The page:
“Your Russian is perfect,” she wrote back. “We can trade: You teach me English, I teach you Russian! Translation of White night is awful.”
I replied with a misspelled ‘spasiba,’ and the next time I saw her, she asked me to read “White Night” aloud to her, though I recognized less than a quarter of the words and pronounced none of them correctly. She drilled me on it as if it were a piece, asking me to repeat line after line back to her, because she wanted me to “feel the music”: its steady rhythm and ABAB rhyme, neither of which the English translator chose to preserve.
“Do you understand?” she asked. “Maybe you can translate it when you get home.”
I did translate it, intending the translation as a kind of gift for her, an assurance that I did understand, that I could feel Akhmatova’s tired heartbeat, bitter longing, and sharp turns.
Ach, I haven’t locked the door,
I haven’t lit the fires,
you don’t know how worn
I am, that even respite tires.
Watching lines abound
fade to pine and sunset blurs,
I am drunk on a voice that sounds
and know that all is lost,
to live is to burn
in hell. I would have crossed
my heart on your return.
“But Ellen, Akhmatova is not the poet you need to read. Her life was a pure hell,” Anna told me. “Russian poets are heavy drinkers. They looking for a better life in a glass of vodka. You need to read some other poetry, bright and optimistic!”
The next time we met, she pulled out a worn volume of Bella Akhmadulina, and showed me “Chopin Mazurka” (1958).
What a fate was ours,
how fortunate this hour
with only the spinning record
First emerged a hiss, thin
as a garter snake from its stone lair,
but strokes of Chopin
soon gathered in the air
and swept, steep, steeper,
and pledged: a reckoning,
and so dispersed these rings
like ripples in water.
And as thin as a test tube
of water light blue
there stood a mazurka girl
shaking her head.
How did she, her frame
paltry and face a Polish white,
unravel my woes and claim
them as her own?
She cast her arms wide
and faded beyond reach
as all sound was swallowed
into the needle-scarred ring.
“You see, music takes away all worries,” Anna said, after describing the girl in the poem’s fantasy — deceptively frail, but beautiful and wise. “Music will take away all your worries.”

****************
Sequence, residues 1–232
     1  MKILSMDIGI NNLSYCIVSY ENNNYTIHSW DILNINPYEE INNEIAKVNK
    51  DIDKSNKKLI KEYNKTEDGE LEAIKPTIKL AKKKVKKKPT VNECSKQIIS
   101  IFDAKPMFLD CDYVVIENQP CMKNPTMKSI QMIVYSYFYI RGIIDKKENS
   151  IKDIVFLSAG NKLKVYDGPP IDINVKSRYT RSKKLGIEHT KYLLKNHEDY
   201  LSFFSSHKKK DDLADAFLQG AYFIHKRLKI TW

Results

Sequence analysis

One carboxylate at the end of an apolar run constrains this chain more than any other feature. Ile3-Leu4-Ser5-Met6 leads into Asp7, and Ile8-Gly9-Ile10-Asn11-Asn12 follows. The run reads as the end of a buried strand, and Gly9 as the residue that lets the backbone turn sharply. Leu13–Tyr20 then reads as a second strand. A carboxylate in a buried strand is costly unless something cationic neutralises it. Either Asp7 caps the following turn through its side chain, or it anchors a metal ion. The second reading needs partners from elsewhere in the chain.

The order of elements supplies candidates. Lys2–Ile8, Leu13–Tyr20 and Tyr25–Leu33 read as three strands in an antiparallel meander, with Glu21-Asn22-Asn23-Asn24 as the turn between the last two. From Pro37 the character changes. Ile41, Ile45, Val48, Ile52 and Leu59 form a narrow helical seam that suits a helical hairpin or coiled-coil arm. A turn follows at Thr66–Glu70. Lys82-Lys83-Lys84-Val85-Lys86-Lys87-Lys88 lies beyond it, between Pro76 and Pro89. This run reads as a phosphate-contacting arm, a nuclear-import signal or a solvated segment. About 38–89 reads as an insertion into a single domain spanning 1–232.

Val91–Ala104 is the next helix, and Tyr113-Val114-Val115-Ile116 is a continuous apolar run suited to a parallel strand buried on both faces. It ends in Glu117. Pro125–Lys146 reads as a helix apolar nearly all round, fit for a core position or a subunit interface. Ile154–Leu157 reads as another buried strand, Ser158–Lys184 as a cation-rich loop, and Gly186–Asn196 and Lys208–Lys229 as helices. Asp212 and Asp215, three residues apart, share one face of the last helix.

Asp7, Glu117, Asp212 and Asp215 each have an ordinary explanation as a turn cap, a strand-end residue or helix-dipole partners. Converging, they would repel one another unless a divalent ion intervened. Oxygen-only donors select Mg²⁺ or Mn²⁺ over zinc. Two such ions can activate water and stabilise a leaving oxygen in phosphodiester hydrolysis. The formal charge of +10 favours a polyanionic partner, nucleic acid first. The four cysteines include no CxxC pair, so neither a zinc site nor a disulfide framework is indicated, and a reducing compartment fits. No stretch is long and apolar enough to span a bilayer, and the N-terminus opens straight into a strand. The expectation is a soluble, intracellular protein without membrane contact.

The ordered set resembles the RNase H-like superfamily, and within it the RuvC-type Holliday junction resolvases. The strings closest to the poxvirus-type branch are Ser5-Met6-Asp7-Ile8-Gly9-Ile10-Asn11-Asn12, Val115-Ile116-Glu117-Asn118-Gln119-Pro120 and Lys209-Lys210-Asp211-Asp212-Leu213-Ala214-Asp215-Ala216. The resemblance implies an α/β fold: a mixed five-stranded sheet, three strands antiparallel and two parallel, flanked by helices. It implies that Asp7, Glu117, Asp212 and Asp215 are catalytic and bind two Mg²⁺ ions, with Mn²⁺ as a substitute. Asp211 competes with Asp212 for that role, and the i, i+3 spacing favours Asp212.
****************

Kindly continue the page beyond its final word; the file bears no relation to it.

I was at a loss for words. I felt tremors rising in my chest, a feeling warmer than my usual anxiety in her presence. All this time, had she been trying to say something to me through her choice of music, like she did with her choice of poetry? A decade’s worth of repertoire. For so long, I saw these as tedious assignments, emblems of my insufficiency as a “lazy, lazy girl.” I was ashamed that I never felt the poetry in music as I now felt the music in poetry. That I had always read the staves like a machine. That I internalized Anna’s scolding more deeply than I did the many times she told me that she loved me like a granddaughter, that I was so talented and beautiful and all she wanted was for me to be strong and happy.
As furious as she seemed while correcting my phrasing of Granados’s “Spanish Dance: Andaluza” — why are you slowing down, do you see a ritardando? — she swore she wasn’t upset with me, only worried that I’d somehow turned a passionate love song into a “funeral march.”
It struck me how poorly I must have understood her, as we conversed for years primarily through piano, a language I never put my heart into learning. I wanted, so badly, to make it up to her.
On my next visit, I handed her my poetry translations. She looked up at me in confusion.
“You want me to find originals for you?”
“No, no, these are the ones we read before.”
“Okay,” she said, setting the page down on a pile of sheet music. “How’s your Czerny?”
Although I had been more determined to practice than ever before in my life, the Czerny was not going well. With fortissimo chords over allegro runs, four bars of that étude tired me out more than three run-throughs of a Bach Bourrée. Though I knew Anna wouldn’t want me to strain myself, I was determined to give her full-bodied translations of these pieces that contained lifetimes of emotion.
But I was so tired.
“Hi, Sergey, how are you?”
“Hi Ellen, everything’s good here. Really hot though. How are you?”
“Um, good and bad.”
“Oh, what happened?”
“I saw my piano teacher, I love her. But I’m sick.”
“Oh no, you have COVID?”
“No, sick in brain. I, tired, head hurts.”
“Do you have ‘migraines’?”
“Yes, but, blood on brain? I need — how to say ‘radiation,’ ‘surgery’? In two weeks.”
A few Google-translations later, he got the picture, and taught me the words for “stroke” and “tumor.”